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Study: Immediate iPad sales will disappoint

As Apple stock rises days before iPad launch, Bernstein Research predicts lower sales than expected

Technology trends and news by Ronny Kerr
March 31, 2010
Short URL: http://vator.tv/n/eb7

Tomorrow is April 1. That means we'll actually be in the same month that the mythical Apple tablet sees its launch: Saturday, April 3.

A few days ago, we posted a round-up of the latest news surrounding the super-hyped iPad, including reports that Apple's stock has risen nearly 17% since the company announced the new device in late January. Even more astonishing were the figures showing that Apple's stock has doubled since this time last year.

Nevertheless, the latest data from Bernstein Research, led by Toni Sacconaghi, Jr., predicts that investors may have been a bit "overzealous" in assumptions about how well the iPad will sell in the short-term.

In its first twelve months, Apple should expect to sell about five million iPads, Bernstein says, based on first-year sales of comparable products. While the iPod, Kindle, PalmPilot, and AppleTV--all successful products at some point--sold less than one million units in their first years, devices with more specific niches have sold many more times figure. For example, Apple sold 6.1 million iPhones and about 6 million iPod Touches in their first years, respectively.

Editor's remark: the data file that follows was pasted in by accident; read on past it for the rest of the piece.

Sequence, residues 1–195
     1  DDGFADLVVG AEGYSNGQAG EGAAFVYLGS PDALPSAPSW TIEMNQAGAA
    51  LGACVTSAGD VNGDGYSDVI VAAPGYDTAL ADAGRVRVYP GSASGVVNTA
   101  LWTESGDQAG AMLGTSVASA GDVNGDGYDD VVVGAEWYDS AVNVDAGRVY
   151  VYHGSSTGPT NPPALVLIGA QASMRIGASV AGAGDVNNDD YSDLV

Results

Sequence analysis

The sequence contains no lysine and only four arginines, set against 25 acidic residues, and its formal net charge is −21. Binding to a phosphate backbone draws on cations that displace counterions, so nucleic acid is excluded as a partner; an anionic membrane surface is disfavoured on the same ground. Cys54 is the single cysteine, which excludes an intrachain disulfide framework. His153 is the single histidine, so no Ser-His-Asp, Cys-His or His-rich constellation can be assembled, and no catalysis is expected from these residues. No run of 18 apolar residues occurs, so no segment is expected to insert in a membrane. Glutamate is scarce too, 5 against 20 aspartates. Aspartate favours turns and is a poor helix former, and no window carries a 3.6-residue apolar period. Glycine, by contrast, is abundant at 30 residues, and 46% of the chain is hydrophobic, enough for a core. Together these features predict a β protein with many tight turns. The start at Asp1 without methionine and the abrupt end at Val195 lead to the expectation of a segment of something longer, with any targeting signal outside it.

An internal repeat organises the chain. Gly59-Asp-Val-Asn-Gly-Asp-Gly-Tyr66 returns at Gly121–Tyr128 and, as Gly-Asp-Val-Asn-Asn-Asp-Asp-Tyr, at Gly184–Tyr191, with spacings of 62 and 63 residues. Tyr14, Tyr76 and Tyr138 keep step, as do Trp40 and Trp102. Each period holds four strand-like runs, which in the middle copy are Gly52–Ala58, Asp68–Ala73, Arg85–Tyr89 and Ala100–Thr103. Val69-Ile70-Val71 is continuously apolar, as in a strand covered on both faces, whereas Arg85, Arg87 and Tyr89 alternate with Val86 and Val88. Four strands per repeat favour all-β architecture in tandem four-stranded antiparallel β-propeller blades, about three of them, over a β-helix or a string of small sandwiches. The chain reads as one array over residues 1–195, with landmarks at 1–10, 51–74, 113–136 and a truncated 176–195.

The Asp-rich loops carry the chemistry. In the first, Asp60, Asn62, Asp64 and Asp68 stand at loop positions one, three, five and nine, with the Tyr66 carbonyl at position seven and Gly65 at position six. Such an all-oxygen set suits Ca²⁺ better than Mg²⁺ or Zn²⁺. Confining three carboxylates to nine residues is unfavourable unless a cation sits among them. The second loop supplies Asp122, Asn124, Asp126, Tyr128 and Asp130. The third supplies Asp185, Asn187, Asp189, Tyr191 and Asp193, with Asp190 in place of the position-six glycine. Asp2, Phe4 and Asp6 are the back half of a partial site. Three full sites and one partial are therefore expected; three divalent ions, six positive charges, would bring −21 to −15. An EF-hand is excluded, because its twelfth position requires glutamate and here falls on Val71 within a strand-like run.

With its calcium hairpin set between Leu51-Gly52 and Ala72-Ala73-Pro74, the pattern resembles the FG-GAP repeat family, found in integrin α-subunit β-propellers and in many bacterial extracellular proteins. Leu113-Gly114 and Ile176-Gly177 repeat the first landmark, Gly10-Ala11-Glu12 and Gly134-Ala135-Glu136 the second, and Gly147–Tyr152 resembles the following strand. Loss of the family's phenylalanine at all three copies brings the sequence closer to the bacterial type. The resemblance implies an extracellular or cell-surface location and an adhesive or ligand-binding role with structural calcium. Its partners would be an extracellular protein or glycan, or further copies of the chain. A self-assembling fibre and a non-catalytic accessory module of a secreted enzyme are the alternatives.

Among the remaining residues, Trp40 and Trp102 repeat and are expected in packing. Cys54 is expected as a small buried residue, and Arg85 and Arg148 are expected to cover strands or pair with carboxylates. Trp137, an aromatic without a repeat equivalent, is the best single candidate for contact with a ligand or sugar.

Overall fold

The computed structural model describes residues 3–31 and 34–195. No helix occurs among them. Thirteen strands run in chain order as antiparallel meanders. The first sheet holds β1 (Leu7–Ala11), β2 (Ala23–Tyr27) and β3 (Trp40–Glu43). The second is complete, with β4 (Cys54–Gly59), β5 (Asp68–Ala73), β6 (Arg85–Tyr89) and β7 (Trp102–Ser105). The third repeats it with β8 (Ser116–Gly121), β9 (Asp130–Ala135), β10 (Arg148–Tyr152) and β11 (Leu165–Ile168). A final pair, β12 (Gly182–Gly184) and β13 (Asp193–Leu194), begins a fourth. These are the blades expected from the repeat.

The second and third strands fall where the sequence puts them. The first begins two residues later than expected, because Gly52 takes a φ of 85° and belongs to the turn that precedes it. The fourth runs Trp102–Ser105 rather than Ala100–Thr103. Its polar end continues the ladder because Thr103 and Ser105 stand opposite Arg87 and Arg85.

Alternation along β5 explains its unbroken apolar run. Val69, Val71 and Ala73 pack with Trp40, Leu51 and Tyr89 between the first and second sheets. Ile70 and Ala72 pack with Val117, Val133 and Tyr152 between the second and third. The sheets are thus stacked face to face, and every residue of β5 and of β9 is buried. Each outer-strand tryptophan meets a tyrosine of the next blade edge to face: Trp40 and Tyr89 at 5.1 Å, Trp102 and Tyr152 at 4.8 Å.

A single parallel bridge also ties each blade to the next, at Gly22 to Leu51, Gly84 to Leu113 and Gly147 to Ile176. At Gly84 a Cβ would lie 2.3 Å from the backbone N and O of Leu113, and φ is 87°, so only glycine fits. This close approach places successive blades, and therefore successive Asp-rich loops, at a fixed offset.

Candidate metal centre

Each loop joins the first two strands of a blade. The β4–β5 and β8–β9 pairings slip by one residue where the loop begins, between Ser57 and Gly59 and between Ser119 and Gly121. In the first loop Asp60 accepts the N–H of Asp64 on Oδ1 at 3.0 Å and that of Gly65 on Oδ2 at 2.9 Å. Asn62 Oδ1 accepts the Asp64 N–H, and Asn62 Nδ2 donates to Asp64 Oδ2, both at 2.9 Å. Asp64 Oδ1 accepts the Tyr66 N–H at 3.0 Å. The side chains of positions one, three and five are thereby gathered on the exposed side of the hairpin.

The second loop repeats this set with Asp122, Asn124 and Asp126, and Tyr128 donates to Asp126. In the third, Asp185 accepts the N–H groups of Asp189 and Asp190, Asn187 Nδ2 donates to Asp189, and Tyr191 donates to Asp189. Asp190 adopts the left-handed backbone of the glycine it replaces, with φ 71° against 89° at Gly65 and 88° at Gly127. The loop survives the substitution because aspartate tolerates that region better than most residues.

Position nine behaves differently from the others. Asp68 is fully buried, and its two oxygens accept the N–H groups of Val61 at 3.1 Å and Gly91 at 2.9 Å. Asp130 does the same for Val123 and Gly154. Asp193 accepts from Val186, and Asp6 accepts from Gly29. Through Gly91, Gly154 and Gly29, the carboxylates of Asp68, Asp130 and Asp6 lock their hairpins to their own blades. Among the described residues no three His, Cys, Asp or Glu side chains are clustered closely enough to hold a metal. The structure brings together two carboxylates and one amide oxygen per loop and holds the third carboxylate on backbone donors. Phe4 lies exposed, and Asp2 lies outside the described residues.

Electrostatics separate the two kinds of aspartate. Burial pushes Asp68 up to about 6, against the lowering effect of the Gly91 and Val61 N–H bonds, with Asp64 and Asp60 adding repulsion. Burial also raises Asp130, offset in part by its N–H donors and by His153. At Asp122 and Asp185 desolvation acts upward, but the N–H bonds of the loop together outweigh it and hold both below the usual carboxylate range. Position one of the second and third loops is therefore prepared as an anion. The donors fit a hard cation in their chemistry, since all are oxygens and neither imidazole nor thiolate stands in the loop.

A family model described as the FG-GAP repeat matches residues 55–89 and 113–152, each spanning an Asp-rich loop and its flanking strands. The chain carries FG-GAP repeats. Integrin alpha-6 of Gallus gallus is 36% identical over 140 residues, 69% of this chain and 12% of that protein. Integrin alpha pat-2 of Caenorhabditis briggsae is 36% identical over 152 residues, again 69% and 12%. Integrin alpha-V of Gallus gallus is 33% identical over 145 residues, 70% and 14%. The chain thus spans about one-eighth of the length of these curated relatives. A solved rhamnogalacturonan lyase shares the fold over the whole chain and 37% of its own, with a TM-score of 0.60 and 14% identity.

Bernstein iPad data
The iPad, which falls somewhere between an iPhone and a netbook, probably won't exceed iPhone sales, says Bernstein data.

Even more immediately, Bernstein expects about 300K to 400K iPads to fly off the shelves over launch weekend, including devices ordered during the presale, which began March 12. Like the iPhone launch, the iPad launch is US-exclusive. Additionally, since the iPad launch price nearly matches the iPhone launch price, Bernstein believes the iPad will exceed launch weekend sales of the iPhone, which totaled to 270K.

Still, the data concludes that overall, investors may be disappointed with first-year sales of Apple's tablet.

Nevertheless, Bernstein accurately predicts that the iPad will evolve to encompass new features and functions, making the device more attractive to more customers in the future.


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